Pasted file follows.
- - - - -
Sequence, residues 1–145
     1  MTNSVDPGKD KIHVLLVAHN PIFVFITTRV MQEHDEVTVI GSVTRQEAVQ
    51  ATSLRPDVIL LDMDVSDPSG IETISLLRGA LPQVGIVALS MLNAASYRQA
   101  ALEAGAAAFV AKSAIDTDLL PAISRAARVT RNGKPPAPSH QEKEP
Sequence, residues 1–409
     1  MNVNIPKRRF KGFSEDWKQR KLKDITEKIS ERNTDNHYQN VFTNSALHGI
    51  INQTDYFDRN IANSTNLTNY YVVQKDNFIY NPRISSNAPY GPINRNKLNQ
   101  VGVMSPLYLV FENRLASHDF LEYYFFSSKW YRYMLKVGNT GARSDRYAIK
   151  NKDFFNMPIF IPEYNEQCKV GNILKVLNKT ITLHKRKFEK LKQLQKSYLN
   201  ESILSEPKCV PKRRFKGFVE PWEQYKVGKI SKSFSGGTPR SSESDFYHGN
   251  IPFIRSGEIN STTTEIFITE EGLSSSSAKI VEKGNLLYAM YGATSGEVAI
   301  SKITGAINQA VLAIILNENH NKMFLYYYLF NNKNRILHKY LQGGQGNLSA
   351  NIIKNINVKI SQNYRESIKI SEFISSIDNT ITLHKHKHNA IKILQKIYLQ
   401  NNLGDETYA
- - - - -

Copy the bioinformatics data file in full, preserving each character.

Sequence, residues 1–145
     1  MTNSVDPGKD KIHVLLVAHN PIFVFITTRV MQEHDEVTVI GSVTRQEAVQ
    51  ATSLRPDVIL LDMDVSDPSG IETISLLRGA LPQVGIVALS MLNAASYRQA
   101  ALEAGAAAFV AKSAIDTDLL PAISRAARVT RNGKPPAPSH QEKEP
Sequence, residues 1–409
     1  MNVNIPKRRF KGFSEDWKQR KLKDITEKIS ERNTDNHYQN VFTNSALHGI
    51  INQTDYFDRN IANSTNLTNY YVVQKDNFIY NPRISSNAPY GPINRNKLNQ
   101  VGVMSPLYLV FENRLASHDF LEYYFFSSKW YRYMLKVGNT GARSDRYAIK
   151  NKDFFNMPIF IPEYNEQCKV GNILKVLNKT ITLHKRKFEK LKQLQKSYLN
   201  ESILSEPKCV PKRRFKGFVE PWEQYKVGKI SKSFSGGTPR SSESDFYHGN
   251  IPFIRSGEIN STTTEIFITE EGLSSSSAKI VEKGNLLYAM YGATSGEVAI
   301  SKITGAINQA VLAIILNENH NKMFLYYYLF NNKNRILHKY LQGGQGNLSA
   351  NIIKNINVKI SQNYRESIKI SEFISSIDNT ITLHKHKHNA IKILQKIYLQ
   401  NNLGDETYA